Alternative medicine is big business in the U.S. A 2016 report found that Americans spent more than $30 billion on alternative therapies in 2012. That includes treatments such as homeopathy and acupuncture as well as supplements, yoga and meditation.

The report, released jointly by the National Center for Complementary and Integrative Health (NCCIH) and the Centers for Disease Control and Prevention, found that 59 million Americans sought out some type of alternative therapy. Most of the alternative therapies are being used by adults, not children, the researchers found. Of the $30.2 billion, about $28 billion was spent on adults, compared to $1.9 billion for children.

Researchers estimated that one out of five Americans spent money on at least one type of alternative therapy, which could include practices such as Ayurveda, biofeedback, chelation therapy, chiropractic manipulation, energy healing therapy, tai chi, hypnosis, naturopathy, progressive relaxation and massage therapy.

Overall, spending on alternative remedies amounted to just around 9 percent of out-of-pocket healthcare expenditures. But the report found that Americans with lower incomes were shelling out more of their income proportionally than their more affluent peers. Families making less than $25,000 per year spent around $314 per person on complementary medicine and $389 per person on natural supplements. Families earning more than $100,000 per year spent an average of $518 per person on alternative treatments and $377 each on supplements.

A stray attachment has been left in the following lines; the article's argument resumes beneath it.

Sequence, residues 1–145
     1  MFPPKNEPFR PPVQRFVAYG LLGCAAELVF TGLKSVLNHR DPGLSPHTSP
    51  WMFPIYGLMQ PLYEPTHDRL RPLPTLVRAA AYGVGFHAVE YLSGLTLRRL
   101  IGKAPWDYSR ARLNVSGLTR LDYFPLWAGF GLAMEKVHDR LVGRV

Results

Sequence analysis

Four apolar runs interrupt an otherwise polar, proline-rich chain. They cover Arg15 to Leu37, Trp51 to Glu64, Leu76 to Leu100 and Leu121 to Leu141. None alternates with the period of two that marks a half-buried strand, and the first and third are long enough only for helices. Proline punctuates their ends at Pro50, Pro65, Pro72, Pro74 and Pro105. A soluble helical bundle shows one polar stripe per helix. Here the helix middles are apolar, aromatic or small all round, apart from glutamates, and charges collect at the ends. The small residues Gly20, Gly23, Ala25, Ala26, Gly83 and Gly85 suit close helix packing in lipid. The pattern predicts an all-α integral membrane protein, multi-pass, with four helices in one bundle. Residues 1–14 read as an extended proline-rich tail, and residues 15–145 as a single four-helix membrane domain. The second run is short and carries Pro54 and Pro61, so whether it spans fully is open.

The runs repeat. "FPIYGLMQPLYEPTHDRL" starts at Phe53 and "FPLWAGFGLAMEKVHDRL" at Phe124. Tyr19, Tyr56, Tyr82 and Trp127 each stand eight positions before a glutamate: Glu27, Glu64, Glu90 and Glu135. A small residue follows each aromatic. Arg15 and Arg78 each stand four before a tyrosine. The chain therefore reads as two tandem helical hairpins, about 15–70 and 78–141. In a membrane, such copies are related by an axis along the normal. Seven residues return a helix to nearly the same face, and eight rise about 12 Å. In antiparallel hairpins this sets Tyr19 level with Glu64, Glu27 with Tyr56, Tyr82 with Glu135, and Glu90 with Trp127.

A recent NCCIH review of clinical trial evidence from 1966 through March 2016 shows that acupuncture, yoga, tai chi, massage therapy and relaxation techniques are promising treatments for pain management, especially when it comes to the back, neck, head and knees. "About 40 million American adults experience severe pain in any given year, and they spend more than $14 billion out-of-pocket on complementary approaches to manage such painful conditions as back pain, neck pain, and arthritis," according to the NCCIH.

However, other forms of complementary medicine, namely homeopathy, guided imagery, energy healing and some natural supplements have faced severe scrutiny for the lack of scientific data to support their use.

Yet despite this lack of data, the alternative medicine industry is continuing to grow in the U.S. And according to researchers, this confirms the need for more research into to ensure that the products and treatment options offered are safe.

Editor's note: This story has been updated since it was originally published in June 2016.